South Holland was branded rubbish at recycling after the district came almost bottom of a 40-strong league table in the East Midlands.
This local authority area is also the worst of seven district councils in Lincolnshire for the percentage of waste recycled, reused or composted – with just 30.8 per cent (9,301 tonnes) of the overall 30,169 tonnes collected saved from the tip. By 2020, England must meet the EU target of recycling at least half of all household waste.
West Lindsey is the only Lincolnshire district exceeding that target on 54.2 per cent while South Kesteven, which covers Bourne and The Deepings, is nudging towards the benchmark on 47.6 per cent.
All other Lincolnshire districts recycle 40 per cent or better, leaving South Holland out in the cold in 38th place out of 40 local authorities in the region.
The league table was compiled by the GMB union, who say: “We need a sharing of expertise and knowledge which is vital to bring the recycling underachievers up to the level of their peers.”
But council cabinet member Coun Roger Gambba-Jones, whose portfolio responsibilities include management of waste collection, says there’s “a hidden story” in the table as the vast majority of councils that have the higher figures achieve those by recycling garden waste – something South Holland is due to begin this year with a pilot project.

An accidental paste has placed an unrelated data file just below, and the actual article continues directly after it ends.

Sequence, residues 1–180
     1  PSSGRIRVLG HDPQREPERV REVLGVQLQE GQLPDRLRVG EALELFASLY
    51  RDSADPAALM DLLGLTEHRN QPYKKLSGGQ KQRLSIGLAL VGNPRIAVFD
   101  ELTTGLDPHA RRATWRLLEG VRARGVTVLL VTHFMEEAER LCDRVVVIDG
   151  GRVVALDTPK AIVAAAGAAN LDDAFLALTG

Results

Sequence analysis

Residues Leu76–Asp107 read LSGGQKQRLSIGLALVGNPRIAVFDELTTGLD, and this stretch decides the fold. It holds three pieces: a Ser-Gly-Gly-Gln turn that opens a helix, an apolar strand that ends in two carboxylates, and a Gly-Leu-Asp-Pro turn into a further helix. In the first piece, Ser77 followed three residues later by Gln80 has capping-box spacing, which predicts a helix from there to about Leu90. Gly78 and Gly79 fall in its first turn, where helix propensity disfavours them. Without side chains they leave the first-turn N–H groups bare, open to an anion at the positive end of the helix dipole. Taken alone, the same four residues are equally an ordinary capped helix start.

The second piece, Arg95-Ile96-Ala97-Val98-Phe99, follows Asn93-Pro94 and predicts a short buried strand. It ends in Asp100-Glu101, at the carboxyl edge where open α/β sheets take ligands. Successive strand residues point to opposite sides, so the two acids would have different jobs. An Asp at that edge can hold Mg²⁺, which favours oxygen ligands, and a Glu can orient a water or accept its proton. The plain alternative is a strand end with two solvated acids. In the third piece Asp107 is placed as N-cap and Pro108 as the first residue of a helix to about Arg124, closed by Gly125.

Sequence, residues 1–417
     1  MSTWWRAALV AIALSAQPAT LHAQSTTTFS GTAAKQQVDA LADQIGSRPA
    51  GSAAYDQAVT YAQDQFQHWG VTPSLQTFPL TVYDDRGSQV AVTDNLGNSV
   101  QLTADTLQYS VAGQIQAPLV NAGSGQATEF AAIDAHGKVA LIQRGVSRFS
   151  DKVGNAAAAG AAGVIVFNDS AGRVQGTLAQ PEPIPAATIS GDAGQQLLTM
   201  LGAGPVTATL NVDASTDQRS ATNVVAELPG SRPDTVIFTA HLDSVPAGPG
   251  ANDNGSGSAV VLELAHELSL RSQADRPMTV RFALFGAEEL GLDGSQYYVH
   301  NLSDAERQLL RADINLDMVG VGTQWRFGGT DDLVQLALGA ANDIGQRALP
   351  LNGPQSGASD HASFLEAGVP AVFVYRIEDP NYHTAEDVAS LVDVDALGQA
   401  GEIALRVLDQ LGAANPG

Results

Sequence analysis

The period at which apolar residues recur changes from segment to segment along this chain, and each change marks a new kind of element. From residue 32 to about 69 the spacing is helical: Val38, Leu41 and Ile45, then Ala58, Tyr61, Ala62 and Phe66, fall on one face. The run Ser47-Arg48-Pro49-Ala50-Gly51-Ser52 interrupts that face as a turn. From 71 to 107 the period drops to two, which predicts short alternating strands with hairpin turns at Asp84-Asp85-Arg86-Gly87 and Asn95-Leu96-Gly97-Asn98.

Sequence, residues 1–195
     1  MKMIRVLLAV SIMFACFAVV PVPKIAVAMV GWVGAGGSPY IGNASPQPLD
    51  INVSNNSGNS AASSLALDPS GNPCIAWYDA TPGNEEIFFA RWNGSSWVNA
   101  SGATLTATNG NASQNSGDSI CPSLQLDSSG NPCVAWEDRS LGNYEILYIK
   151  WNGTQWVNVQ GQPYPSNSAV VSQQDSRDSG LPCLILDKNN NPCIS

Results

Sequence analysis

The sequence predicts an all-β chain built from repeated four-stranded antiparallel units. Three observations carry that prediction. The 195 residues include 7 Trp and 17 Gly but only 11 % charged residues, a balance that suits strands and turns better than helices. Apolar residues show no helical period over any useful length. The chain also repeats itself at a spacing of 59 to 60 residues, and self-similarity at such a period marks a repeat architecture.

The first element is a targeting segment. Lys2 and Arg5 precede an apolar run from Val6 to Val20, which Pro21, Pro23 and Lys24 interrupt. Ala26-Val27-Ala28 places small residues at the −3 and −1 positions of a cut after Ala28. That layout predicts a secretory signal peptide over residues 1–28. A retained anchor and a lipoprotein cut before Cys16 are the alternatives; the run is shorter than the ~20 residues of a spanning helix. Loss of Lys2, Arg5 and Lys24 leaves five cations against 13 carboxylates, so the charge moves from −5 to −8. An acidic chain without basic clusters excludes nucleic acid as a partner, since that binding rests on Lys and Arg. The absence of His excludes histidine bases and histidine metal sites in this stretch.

He said: “Garden waste is by its very nature heavy and that’s one of the reasons in the early days why many councils chose to recycle garden waste.
“If you take out garden waste, you will actually see that our 30 per cent is actually quite good.”
Coun Gambba-Jones said some councils who initially collected garden waste free of charge are having to revisit that decision, as budgets come under “significant pressure”, and start charging.
He said: “Some taxpayers are saying ‘I am not going to pay for it’ and their (the local authorities’) recycling figures will reduce accordingly.”
Although district councils collect the bags and wheelie bin contents in Lincolnshire, Coun Gambba-Jones says it is now up to the county council to manage what happens next as it has taken over recycling in addition to its waste disposal role.
Coun Gambba-Jones says public attitudes to recycling vary across the country and this district.
“It’s a patchwork because of the social make-up of certain areas,” he said. “Certain areas are absolutely committed to recycling and other people just could not give a stuff and you have to even it out like that.”
Coun Gambba-Jones said South Holland’s crews go down certain roads where they stop at three or four houses out of 20 or 30 and there are other roads where they have to stop at every single house.
He said for nearly three years, the district council had a big team working hard to boost recycling levels here – and that included the green bag lottery with cash prizes up to £1,000.
The net result, he said, was a rise of about three per cent.
He said the district could continue trying to spread the recycling message, but asked: “Are you willing for me to put an extra £30,000, £60,000 or £90,000 on the council tax just to send you a piece of paper so I can keep reminding you to recycle?”